Not long ago, I discussed some of the issues involved in using a preferment and a cold fermentation combination, at Reply 1 at http://www.pizzamaking.com/forum/index.php/topic,7776.msg66761/topicseen.html#msg66761. Ideally, in your case you want to get a good balance between what the preferment gives you in the way of potential taste components, as supplemented by the flavor-contributing byproducts of fermentation produced during the period of the cold fermentation, and residual sugar levels in the dough at the time of baking that will provide good finished crust coloration. However, as I see it, if you leave out the sugar or honey, or if you don't use diastatic malt instead, you may not get enough residual sugars at the time of baking to give you sufficient crust coloration.

The safest course to take without deconstructing and reconstructing JerryMac's recipe might be to reduce the total amount of yeast, for example, by half, and split the reduced amount of yeast between the poolish-like preferment and the final mix. That may reduce the flavor contributions of the preferment but allow the cold fermentation to make up the difference, or at least some of it. Another possibility is to leave the poolish-like preferment as is--to retain the present substantial levels of byproducts of fermentation--and use much less yeast in the final mix so that the cold fermentation can proceed without fear of the dough overfermenting while also building up more natural sugars as residual sugars at the time of the bake. However, in either option, I do not know what effect leaving out the sugar or honey will have on crust coloration.  I suspect that JerryMac used such high levels of honey to be sure that the finished crust would have good color, and to compensate for the effects that the aggressive poolish-like preferments has on sugar levels. Also, JerryMac was looking to save time in making the pizzas, not to extend the window of usability of the dough for several days.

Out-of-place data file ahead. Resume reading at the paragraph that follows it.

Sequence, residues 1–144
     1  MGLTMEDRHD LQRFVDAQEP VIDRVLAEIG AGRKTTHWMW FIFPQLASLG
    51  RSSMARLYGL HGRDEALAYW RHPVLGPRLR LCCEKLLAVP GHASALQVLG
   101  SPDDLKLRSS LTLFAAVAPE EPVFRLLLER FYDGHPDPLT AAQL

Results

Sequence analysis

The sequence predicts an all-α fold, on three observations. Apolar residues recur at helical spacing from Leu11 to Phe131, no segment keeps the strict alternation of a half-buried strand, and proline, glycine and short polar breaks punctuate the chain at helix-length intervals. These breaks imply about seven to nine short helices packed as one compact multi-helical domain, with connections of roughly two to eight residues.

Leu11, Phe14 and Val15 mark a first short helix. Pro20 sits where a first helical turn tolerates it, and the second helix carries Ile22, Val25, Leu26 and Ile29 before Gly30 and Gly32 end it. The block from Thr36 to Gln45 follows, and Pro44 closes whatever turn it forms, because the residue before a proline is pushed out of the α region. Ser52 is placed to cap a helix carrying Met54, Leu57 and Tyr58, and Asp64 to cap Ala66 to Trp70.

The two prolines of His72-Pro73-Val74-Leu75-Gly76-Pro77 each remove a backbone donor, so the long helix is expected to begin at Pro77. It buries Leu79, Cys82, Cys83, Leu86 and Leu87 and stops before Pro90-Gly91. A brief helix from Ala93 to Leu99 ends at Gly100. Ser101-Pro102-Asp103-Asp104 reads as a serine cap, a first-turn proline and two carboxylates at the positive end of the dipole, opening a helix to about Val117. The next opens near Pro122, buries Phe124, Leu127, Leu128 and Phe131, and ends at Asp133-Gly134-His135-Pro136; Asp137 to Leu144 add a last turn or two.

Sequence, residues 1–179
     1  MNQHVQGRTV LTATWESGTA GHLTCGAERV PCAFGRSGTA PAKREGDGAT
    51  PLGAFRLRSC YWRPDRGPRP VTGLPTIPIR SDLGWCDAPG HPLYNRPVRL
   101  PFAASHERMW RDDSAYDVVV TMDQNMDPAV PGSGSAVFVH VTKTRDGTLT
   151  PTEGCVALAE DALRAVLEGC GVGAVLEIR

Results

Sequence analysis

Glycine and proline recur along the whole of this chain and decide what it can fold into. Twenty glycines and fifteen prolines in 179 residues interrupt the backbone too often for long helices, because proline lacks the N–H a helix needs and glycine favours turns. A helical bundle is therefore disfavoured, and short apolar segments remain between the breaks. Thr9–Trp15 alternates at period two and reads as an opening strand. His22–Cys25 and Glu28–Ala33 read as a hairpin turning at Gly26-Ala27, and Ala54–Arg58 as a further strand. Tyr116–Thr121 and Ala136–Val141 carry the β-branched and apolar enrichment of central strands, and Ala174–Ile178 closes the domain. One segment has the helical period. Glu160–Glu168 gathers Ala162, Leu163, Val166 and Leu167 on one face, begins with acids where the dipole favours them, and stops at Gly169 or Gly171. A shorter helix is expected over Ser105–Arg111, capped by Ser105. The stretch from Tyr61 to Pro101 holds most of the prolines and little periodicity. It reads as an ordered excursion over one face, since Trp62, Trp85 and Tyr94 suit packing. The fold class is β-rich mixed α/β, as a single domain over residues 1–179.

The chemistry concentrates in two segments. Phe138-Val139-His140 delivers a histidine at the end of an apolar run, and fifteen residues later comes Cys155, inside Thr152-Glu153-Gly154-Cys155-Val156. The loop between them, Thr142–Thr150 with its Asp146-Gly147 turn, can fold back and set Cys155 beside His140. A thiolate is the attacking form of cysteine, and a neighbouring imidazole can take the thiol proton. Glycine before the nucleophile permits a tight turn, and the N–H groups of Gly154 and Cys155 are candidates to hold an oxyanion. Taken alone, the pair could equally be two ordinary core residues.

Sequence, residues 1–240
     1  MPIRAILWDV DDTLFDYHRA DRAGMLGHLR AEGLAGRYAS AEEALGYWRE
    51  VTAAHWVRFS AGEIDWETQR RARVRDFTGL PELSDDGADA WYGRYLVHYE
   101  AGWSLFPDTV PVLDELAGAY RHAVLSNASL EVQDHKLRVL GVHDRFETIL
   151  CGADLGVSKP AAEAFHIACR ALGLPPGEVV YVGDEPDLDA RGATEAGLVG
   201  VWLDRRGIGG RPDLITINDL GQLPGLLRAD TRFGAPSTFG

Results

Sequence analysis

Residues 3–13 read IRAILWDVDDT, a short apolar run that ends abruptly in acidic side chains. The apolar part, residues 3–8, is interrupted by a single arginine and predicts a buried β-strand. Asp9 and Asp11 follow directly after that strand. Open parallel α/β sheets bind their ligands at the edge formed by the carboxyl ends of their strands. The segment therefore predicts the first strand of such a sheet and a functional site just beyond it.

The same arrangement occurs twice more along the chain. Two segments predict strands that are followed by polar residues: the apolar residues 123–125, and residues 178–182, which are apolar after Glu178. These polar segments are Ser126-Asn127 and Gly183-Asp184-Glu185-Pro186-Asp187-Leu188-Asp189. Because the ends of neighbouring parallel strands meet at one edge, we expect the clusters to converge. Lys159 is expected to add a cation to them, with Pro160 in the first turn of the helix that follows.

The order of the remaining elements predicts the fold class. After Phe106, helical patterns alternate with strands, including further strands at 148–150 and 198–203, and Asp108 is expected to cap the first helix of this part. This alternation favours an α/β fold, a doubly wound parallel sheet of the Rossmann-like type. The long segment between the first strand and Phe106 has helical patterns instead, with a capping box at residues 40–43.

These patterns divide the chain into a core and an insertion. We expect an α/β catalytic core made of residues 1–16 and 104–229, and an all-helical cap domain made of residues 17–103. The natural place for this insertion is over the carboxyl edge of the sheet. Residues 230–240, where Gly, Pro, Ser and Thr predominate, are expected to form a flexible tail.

Whatever you decide to do, I hope you will let us know what results you get.

Peter

Offline Pete-zza

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Re: Pie Pic's and Question
« Reply #4 on: February 18, 2009, 03:54:42 PM »
parallei,

As an addendum to my last post, you might take a look at a version I made of JerryMac's recipe using a sponge preferment rather than a poolish-like preferment, at Reply 28 at http://www.pizzamaking.com/forum/index.php/topic,6515.msg62814.html#msg62814. You will see from that post that I used all of the yeast in the sponge preferment and none in the final mix. However, I kept the honey. Even then, to get the desired degree of coloration, I had to use a longer bake. It's not clear whether using diastatic malt would help but it would be an option to consider. I have some doubts, however, that using only diastatic malt and no honey would provide sufficient additional sugar to contribute meaningfully to crust coloration. See, also, the following thread that discusses the use of a poolish preferment but with no sugar or diastatic malt in the recipe, and note the crust coloration for the pizzas shown in that thread: http://www.pizzamaking.com/forum/index.php/topic,7327.msg63267.html#msg63267.

Peter

parallei

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Re: Pie Pic's and Question
« Reply #5 on: February 18, 2009, 04:05:19 PM »
Thanks Peter for the detailed information.  I'll take a look at the information and keep you potsed....

Paul